From: "Andreas Wüstefeld" <andreas.wuestefeld@ertec.com>
Date: Tue, 18 Jul 2000 09:11:40 +0200
Links: << >>  << T >>  << A >>
Hi,

How do I have to connect the peripherial components to the FPGA in order to
correctly download the .bit file with the parrallel cabel III.
My error message is:

    Checking boundary-scan chain integrity...ERROR:JTag - Boundary-scan
chain test failed at bit position     '2' on instance
'<project_name>(Device1)'.
    Check that the cable, system and device JTAG TAP connections are
correct,....

Where can I get information about configuring the clocks in the options
menue of the Foundation 2.i?
I'm using a XCS40.

thanks Andreas


Article: 23954
Subject: Re: Altera fitter woes
From: martinthompson@my-deja.com
Date: Tue, 18 Jul 2000 07:39:24 GMT
Links: << >>  << T >>  << A >>
Hi Ken, I'm posting from Deja at work as I haven't got 'proper' Usenet access
from here!

I have ticked the fast I/O option, and the pins are cleared at reset.... but
the pins are bidirectional (I knew I'd missed something important out!) and
the fitter is using the IOC for the input reg (presumably to meet the tsu
time).

Thanks for the suggestions though!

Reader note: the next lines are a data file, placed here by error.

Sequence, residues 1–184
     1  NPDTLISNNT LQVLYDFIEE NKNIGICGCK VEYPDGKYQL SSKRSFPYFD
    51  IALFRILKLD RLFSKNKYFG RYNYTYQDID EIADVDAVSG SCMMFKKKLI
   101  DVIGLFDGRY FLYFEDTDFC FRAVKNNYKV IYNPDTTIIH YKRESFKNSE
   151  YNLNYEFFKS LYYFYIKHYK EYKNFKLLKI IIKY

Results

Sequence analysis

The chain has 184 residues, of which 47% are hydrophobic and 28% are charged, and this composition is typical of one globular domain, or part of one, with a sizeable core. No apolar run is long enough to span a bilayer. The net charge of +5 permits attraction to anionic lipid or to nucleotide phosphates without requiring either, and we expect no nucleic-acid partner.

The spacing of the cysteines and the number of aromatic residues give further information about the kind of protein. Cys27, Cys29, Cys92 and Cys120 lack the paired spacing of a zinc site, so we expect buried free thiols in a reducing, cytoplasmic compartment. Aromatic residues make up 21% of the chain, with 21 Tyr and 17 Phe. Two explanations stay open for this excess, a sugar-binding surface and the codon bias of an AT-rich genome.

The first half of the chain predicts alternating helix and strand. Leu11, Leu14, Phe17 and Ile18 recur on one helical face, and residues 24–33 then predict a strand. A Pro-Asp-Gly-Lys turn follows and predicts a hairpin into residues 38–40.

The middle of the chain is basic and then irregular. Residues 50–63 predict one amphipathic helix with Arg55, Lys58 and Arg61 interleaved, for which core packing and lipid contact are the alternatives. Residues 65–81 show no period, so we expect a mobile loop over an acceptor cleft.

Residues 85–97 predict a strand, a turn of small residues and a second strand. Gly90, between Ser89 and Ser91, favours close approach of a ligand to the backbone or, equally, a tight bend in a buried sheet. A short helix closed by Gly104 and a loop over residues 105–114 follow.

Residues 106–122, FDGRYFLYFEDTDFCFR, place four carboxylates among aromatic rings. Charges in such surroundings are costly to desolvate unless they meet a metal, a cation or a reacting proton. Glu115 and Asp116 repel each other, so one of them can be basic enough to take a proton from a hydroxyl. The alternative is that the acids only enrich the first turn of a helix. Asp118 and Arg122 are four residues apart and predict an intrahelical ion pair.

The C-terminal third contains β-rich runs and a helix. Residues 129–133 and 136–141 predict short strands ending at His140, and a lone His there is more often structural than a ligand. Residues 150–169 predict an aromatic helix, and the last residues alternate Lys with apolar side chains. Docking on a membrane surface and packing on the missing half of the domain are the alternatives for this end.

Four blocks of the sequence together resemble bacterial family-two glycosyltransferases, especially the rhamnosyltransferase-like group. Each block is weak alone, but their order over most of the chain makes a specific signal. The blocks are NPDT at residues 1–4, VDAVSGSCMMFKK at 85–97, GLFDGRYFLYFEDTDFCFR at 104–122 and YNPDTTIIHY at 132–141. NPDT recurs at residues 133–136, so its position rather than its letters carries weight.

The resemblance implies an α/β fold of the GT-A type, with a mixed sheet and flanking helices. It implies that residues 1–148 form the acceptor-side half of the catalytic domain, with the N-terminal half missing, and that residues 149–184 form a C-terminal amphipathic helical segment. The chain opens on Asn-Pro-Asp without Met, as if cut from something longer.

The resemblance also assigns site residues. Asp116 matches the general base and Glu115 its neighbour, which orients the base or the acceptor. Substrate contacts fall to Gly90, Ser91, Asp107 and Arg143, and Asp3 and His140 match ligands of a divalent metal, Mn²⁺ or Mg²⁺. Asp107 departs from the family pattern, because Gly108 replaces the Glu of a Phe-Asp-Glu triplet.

Cheers,
Martin


In article <39739BC8.3D541A06@synplicity.com>,
  Ken McElvain <ken@synplicity.com> wrote:
> Two possibilities:
>     1) Make sure that you have requested "fast I/Os" in the global logic
> synthesis options
>     1) Preset flops can't be merged into the I/Os in Flex devices.  Use
> either no reset at all or a clear.
>



Sent via Deja.com http://www.deja.com/
Before you buy.
Article: 23955
Subject: Re: Altera fitter woes
From: martinthompson@my-deja.com
Date: Tue, 18 Jul 2000 07:39:25 GMT
Links: << >>  << T >>  << A >>
Hi Ken,
I'm posting from Deja at work as I haven't
got 'proper' Usenet access from here!

I have ticked the fast I/O option, and the pins
are cleared at reset.... but
the pins are bidirectional (I knew I'd missed
something important out!) and the fitter is using
the IOC for the input reg (presumably to meet the
tsu time).

Thanks for the suggestions though!

Cheers,
Martin
In article <39739BC8.3D541A06@synplicity.com>,
  Ken McElvain <ken@synplicity.com> wrote:
> Two possibilities:
>     1) Make sure that you have requested "fast
I/Os" in the global logic
> synthesis options
>     1) Preset flops can't be merged into the
I/Os in Flex devices.  Use
> either no reset at all or a clear.
>


Sent via Deja.com http://www.deja.com/
Before you buy.
Article: 23956
Subject: CHES 2000 Program
From: Christof Paar <christof@ece.wpi.edu>
Date: Tue, 18 Jul 2000 07:30:15 -0400
Links: << >>  << T >>  << A >>